Five Key Takeaways from Preakness Stakes Day

Racing
Trainer Mark Casse leads Tyler Gaffalione and War of Will to the winner's circle after the duo captured the 2019 Preakness Stakes on May 18. (Eclipse Sportswire)

Tom Pedulla presents five key takeaways from Preakness Stakes Day on Saturday at Pimlico Race Course:


WARMUP CRITICAL: Trainer Mark Casse thought War of Will might have been a bit too keyed up before the start of the Kentucky Derby Presented by Woodford Reserve, so he made it a point to call jockey Tyler Gaffalione the day before the Preakness to discuss how he wanted the warmup to go. “I just want you to jog him and let him relax,” Casse said of his instructions to his 24-year-old rider. Gaffalione followed orders and noted that the colt was more relaxed than in previous starts. The reward? His mount packed an overpowering punch in a 1 ¼-length victory against Everfast.


LAST-MINUTE STARTER: Trainer Dale Romans made a last-minute decision to enter Everfast in the Preakness in a move that, on paper, appeared to make little sense. Everfast had not been a major player in any of his three previous races, finishing eighth in the Xpressbet Fountain of Youth Stakes, ninth in the Xpressbet Florida Derby and fifth in the Pat Day Mile Stakes Presented by LG and E and KU as part of the Kentucky Derby undercard. Romans’ seemingly wild shot was rewarded when Everfast closed with a rush to be second in the middle jewel of the Triple Crown for jockey Joel Rosario. “We have a great shot at the Belmont,” Rosario said. 


ON THE RISE: Brad Cox, a trainer whose fortunes are steadily rising, saddled his first two Preakness starters in Owendale and Warrior’s Charge. They acquitted themselves well in finishing third and fourth, respectively. Warrior’s Charge represented a significant gamble because he was supplemented to the middle leg of the Triple Crown for $150,000 and set a torrid pace before grudgingly yielding. “Warrior’s Charge fought incredibly hard. He’s a nice horse,” Cox said. “I mean :22, :46, 1:10 2/5 going a mile and three-sixteenths, he’s a good horse. We’ll give him plenty of time to recover.”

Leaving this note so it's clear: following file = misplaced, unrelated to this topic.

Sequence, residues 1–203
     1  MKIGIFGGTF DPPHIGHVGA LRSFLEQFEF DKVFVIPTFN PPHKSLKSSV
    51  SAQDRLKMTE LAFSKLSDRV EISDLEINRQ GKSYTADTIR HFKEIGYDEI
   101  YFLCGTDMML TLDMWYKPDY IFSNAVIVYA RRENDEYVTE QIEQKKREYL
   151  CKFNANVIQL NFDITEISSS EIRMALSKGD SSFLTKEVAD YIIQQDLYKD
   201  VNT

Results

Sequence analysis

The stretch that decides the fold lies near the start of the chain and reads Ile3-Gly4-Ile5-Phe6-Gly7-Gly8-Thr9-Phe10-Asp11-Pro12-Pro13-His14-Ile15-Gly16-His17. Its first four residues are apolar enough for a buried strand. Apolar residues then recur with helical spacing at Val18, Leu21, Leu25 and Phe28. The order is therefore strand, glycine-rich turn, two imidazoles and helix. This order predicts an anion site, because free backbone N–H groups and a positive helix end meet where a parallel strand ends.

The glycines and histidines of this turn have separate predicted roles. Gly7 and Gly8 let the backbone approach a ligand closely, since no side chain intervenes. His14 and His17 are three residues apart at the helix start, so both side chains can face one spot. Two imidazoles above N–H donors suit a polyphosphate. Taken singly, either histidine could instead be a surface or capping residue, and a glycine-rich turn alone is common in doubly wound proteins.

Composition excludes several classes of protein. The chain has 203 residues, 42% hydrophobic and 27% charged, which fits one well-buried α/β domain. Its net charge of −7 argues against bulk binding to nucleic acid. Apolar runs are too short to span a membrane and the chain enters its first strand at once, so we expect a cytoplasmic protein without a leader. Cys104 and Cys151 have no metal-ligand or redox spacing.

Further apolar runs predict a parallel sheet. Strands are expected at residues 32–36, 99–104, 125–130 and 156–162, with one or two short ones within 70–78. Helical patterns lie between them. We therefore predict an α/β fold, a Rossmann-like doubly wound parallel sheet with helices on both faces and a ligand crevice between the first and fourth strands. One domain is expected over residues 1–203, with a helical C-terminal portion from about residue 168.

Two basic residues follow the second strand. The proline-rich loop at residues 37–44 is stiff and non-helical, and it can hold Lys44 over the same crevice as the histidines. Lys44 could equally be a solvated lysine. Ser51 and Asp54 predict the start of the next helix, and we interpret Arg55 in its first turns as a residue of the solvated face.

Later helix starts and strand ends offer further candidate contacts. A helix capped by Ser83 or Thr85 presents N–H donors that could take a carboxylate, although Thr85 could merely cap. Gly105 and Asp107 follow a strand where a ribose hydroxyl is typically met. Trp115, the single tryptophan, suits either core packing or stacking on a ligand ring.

Bill Mott (Coady Photography)

GEARING UP: Tacitus, declared the third-place finisher in the Derby after stewards disqualified Maximum Security and dropped him to 17th, went through his first formal workout on Saturday at Belmont Park in preparation for the June 8 Belmont Stakes Presented by NYRA Bets. He drilled in company with stablemate Multiplier, a graded stakes winner. They were each timed in 48.57 seconds for four furlongs. “It all went smoothly,” said Hall of Fame trainer Bill Mott. “It was his first breeze back and exactly what we wanted.”


FUTURE LOCALE?: The future location of the Preakness remains uncertain as The Stronach Group and officials from the state of Maryland and the city of Baltimore continue to debate what is best. The only certainty appears to be that Pimlico Race Course will not be able to host the middle jewel of the Triple Crown all that much longer. A water main break outside the track required emergency repairs and approximately 7,000 grandstand seats were closed due to “structural weakness.” An independent economic study estimated that it will cost $424 million to restore Pimlico. Tim Ritvo, chief operating officer of The Stronach Group’s Racing and Gaming Division, believes the issues at Pimlico are overwhelming. “You can spend millions of dollars and never see anything (in return) or even make a dent in the stuff that’s here,” Ritvo said.

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